HC Deb 22 November 1962 vol 667 c150W
47. Mr. Dalyell

asked the Secretary for Technical Co-operation whether he will take steps to increase the number of potential teachers of technical subjects from overseas studying in Great Britain.

Mr. Iain Macleod

I have been asked to reply.

Britain has, under the Commonwealth Teacher Training Bursary Scheme, already offered bursaries leading to a technical teacher qualification. Ninety-seven awards have been made and fifty-four bursars have completed their courses.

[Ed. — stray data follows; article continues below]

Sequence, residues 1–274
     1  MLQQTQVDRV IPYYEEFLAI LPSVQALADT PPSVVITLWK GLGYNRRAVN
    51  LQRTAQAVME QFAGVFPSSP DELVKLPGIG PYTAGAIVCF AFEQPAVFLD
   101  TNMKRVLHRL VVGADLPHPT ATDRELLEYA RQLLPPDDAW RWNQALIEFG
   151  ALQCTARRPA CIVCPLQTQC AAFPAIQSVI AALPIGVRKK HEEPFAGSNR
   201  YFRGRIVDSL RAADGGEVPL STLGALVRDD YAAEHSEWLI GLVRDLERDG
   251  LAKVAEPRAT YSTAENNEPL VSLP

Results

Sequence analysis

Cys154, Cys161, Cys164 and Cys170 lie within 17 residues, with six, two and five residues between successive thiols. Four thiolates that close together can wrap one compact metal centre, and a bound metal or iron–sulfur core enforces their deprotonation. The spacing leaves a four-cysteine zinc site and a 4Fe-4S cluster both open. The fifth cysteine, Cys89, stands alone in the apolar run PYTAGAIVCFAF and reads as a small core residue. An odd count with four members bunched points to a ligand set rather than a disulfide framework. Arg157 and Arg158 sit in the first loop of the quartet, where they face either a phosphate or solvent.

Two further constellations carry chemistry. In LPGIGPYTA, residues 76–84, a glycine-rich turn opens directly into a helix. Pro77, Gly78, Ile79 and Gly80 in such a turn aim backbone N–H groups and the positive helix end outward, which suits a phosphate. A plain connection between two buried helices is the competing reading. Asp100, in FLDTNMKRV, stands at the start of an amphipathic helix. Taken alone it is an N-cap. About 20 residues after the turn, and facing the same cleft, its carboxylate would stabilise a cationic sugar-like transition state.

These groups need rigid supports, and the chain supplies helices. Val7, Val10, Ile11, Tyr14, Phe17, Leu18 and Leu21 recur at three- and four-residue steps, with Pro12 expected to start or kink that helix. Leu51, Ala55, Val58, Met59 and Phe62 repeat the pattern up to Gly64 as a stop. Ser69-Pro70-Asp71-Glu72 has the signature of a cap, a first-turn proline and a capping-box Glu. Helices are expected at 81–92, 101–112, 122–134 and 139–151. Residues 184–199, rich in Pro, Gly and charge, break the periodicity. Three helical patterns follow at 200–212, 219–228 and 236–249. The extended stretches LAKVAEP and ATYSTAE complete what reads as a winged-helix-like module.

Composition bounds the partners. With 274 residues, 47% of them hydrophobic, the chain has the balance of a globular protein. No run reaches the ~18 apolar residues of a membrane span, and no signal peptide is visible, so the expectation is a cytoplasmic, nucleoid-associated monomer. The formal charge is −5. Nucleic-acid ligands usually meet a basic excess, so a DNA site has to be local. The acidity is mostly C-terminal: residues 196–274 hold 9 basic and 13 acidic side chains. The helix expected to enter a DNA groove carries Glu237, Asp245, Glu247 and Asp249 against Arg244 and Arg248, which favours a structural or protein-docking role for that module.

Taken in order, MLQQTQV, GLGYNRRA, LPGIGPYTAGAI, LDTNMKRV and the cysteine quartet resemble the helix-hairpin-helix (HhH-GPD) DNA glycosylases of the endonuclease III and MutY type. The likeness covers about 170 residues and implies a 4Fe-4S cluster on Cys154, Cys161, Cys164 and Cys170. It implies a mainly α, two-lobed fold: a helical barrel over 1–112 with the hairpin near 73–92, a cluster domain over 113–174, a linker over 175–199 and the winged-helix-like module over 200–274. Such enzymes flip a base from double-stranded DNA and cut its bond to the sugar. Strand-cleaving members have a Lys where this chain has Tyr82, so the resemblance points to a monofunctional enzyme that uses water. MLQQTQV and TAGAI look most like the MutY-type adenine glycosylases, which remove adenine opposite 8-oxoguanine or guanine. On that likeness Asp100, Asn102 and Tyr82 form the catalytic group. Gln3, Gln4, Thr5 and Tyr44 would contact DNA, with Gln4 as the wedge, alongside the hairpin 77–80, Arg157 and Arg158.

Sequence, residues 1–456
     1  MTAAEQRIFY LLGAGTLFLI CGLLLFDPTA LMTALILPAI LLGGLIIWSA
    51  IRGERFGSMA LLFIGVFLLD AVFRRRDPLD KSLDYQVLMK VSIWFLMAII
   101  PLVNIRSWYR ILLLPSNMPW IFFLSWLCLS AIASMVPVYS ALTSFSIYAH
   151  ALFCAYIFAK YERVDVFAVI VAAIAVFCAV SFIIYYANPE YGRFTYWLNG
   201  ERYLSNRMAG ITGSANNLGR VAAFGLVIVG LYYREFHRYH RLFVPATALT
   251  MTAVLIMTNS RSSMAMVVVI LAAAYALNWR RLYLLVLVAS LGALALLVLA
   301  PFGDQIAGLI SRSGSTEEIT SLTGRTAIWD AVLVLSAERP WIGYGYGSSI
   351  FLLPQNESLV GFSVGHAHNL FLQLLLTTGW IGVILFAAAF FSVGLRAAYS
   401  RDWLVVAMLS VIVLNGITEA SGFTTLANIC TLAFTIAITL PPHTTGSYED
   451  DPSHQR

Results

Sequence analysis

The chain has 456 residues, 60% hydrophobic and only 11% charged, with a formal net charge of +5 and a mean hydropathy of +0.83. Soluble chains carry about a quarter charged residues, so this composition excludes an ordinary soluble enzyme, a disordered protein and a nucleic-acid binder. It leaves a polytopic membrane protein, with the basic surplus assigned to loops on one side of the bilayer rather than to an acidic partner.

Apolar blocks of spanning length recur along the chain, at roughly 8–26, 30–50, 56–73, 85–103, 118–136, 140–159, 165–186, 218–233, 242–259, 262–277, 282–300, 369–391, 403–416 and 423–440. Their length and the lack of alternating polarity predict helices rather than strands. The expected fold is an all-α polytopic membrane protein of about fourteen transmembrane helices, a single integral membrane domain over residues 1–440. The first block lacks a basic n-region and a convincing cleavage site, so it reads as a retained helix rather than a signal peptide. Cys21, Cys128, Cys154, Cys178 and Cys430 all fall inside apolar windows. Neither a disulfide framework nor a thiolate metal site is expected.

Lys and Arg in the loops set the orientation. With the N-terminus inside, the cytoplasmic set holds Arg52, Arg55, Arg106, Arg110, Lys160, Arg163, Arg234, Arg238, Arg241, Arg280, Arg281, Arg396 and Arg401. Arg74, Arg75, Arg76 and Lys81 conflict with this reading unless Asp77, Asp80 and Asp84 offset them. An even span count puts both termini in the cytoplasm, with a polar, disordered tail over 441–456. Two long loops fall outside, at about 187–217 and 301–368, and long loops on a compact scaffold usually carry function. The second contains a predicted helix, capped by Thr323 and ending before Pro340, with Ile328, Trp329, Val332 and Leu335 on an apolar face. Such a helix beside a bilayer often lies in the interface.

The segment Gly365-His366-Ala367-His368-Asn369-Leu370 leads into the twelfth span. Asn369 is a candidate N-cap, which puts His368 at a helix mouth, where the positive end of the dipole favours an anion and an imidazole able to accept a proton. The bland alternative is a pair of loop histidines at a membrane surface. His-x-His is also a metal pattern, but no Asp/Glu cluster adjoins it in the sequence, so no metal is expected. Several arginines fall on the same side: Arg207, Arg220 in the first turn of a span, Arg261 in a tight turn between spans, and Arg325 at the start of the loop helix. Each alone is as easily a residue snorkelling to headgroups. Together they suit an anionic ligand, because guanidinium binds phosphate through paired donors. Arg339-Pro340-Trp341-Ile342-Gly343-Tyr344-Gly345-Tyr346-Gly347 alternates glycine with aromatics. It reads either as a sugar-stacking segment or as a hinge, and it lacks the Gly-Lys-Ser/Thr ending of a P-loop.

To meet the needs overseas for teachers of craft subjects, a new scheme was announced at the Second Commonwealth Education Conference in Delhi. Forty to fifty bursaries will be awarded annually. Students will attend a technical college for six months and go on to six months practical training in industry. The second year will be spent in a technical teacher training college. The first intake of bursars will be offered courses in mechanical engineering, electrical engineering, constructional engineering and building. Governments have been asked to make nominations but it is too early to measure the response to this new scheme. If the number of suitable candidates is in excess of the bursaries available, the question of increasing the number for future years will be considered. Apart from these schemes for full-time training of technical teachers, every encouragement is given to post-graduate scholars in Science and Technology to take advantage of part-time teacher training courses.